And We’re Off!

We’re still a month and a half away from the start of the 83rd Legislature, but activity for the upcoming legislative session is already under way.


The November 6th elections saw the re-election of President Barack Obama and a host of new freshman in the United States Congress and Texas Legislature.

Ted Cruz will replace retiring United States Senator Kay Bailey Hutchison.  In the United States House, as a result of redistricting, the Texas Congressional delegation expanded from 32 to 36 members.  23 Republicans and 13 Democrats from Texas will be sworn in to the 113th Congress, including former Texas House members Joaquin Castro, Pete Gallego, Marc Veasy and Randy Weber.  

The 83rd Texas Legislature will convene in January with a number of new faces.  The Texas Senate will boast 19 Republicans and 11 Democrats, including 5 freshmen.  The Texas House will have 95 Republicans and 55 Democrats, with 43 of them new members.  Redistricting reduced the Harris County State Legislative Delegation from 32 to 31 members—7 state senators and 24 state representatives.   State Representative Larry Taylor will be replacing outgoing Harris County State Senator Mike Jackson. Additional freshmen in the delegation include MaryAnn Perez, who is replacing the late State Representative Ken Legler, and Gene Wu, who is replacing retiring State Representative Scott Hochberg.  A special election to fill the vacant seat of the late State Senator Mario Gallegos is expected to be held within the next 2 months.  State Representative Carol Alvarado and former Harris County Commissioner Sylvia Garcia are among those seeking the seat.


The first day to pre-file bills for the upcoming 83rd Legislative Session was Monday, November 12th, and Texas legislators have been busy.  As of Monday, November 19th, 318 bills had been pre-filed on topics ranging from healthcare to education to transportation.  Among them are a number of behavioral health-related bills, including:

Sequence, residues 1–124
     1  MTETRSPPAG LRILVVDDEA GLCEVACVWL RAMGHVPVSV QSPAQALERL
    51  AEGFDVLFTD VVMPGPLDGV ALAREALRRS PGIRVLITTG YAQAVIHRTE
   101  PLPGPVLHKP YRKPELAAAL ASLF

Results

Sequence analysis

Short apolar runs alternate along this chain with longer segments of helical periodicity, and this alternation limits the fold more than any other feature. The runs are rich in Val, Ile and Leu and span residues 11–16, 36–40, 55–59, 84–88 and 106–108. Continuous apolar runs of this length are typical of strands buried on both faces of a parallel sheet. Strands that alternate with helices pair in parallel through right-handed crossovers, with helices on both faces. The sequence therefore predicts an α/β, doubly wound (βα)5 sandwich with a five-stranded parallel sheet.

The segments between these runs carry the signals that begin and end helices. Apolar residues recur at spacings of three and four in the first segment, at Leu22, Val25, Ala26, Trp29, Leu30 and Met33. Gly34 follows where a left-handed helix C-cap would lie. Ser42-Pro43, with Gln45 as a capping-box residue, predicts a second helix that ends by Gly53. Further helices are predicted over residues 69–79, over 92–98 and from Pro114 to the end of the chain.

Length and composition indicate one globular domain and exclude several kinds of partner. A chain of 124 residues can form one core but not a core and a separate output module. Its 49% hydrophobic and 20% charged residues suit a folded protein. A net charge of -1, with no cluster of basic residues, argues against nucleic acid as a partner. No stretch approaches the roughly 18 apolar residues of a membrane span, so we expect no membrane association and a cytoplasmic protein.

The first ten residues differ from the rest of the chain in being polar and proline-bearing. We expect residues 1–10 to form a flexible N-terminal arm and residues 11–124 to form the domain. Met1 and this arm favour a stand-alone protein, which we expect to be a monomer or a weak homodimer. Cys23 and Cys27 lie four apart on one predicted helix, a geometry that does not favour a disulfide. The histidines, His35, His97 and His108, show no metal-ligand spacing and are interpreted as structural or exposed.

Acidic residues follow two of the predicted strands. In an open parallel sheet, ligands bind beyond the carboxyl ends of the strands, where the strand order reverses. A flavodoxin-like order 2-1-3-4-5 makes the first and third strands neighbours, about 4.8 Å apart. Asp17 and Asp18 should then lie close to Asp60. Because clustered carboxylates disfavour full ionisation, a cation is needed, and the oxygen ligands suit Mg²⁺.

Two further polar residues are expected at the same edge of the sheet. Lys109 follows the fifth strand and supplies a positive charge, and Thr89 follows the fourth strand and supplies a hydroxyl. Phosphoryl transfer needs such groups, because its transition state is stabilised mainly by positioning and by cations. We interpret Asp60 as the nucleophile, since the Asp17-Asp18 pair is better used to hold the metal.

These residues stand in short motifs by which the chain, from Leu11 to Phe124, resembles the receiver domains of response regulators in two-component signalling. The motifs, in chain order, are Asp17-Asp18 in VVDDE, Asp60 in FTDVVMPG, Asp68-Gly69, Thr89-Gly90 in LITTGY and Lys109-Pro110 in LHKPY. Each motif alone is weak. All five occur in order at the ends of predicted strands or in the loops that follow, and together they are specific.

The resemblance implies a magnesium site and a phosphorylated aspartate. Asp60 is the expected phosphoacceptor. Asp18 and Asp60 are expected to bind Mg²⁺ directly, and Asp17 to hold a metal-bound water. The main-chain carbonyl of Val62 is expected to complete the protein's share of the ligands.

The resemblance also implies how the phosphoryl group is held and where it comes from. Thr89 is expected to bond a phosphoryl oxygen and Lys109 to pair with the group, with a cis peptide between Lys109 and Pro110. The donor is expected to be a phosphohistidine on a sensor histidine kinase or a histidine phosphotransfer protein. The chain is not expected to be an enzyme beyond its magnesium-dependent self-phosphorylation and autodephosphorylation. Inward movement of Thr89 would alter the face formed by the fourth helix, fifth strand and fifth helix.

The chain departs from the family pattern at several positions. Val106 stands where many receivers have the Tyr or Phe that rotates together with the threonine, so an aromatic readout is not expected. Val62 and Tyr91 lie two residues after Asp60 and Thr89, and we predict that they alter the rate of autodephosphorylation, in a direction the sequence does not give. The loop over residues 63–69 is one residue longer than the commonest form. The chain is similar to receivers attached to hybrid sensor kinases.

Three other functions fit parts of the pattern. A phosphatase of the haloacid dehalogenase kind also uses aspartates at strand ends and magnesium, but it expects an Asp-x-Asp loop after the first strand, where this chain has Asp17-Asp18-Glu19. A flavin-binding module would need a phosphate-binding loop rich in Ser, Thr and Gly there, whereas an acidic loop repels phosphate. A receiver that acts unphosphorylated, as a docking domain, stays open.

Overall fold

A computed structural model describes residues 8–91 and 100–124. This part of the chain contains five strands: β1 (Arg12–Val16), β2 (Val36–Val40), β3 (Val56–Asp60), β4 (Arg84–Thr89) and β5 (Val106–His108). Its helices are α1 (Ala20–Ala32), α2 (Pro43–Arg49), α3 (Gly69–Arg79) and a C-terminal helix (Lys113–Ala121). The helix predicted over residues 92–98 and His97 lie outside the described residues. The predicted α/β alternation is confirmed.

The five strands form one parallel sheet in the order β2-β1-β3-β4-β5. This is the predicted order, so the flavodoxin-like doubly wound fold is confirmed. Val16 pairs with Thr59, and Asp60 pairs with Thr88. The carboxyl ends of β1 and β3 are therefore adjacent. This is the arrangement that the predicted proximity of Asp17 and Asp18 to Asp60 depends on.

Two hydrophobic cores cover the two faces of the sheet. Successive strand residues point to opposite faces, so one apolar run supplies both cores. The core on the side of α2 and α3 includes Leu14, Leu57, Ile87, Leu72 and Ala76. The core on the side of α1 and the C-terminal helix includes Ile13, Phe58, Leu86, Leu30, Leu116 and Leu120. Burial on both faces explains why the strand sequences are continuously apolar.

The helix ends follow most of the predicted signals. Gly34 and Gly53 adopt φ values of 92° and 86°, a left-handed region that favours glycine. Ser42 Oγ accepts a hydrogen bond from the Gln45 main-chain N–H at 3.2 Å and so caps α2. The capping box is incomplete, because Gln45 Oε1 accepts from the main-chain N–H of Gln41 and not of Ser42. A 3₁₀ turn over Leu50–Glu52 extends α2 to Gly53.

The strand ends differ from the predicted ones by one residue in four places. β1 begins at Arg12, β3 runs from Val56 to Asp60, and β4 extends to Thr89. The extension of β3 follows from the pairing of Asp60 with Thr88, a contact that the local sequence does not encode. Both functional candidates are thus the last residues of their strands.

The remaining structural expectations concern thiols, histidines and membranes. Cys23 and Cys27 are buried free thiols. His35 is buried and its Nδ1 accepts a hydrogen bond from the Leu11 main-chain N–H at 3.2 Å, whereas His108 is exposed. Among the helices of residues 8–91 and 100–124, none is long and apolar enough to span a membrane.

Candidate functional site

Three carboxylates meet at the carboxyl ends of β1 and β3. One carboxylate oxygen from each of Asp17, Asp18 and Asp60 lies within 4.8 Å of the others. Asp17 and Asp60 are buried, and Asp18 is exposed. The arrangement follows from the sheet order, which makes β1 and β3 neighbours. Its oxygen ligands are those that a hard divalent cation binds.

HB 37 by Menendez, which would require immediate reinstatement of Medicaid for eligible individuals who are released from county jails. This bill would assist with continuity of care for individuals with mental health and substance use disorders and other physical illnesses;

SB 58 by Nelson, which would integrate mental health, substance abuse and physical health services into Medicaid Managed Care Plans.  The biggest impact of this legislation would be the carve-in of targeted case management and rehabilitation services, which currently are provided solely by the publicly-funded Community Mental Health Centers, such as Harris County MHMRA. This legislation is in line with a recommendation from the Public Consulting Group’s Analysis of the Texas Public Behavioral Health System: Recommendations for System Redesign;  

SB 90 by Ellis, which would require low-level drug possession offenders with no violent or serious criminal history to be placed on probation and sent to personalized drug treatment rather than being sent to prison; and

SJR 8 by Ellis, a constitutional amendment to expand Medicaid eligibility to individuals making up to 138% of the Federal Poverty Level, as provided for under the Affordable Care Act (ACA). It is estimated that 90% of current non-Medicaid eligible individuals receiving publicly funded mental health and substance abuse services would qualify for Medicaid under the expanded eligibility set forth in the ACA.

For a more in depth view of behavioral health legislation, go to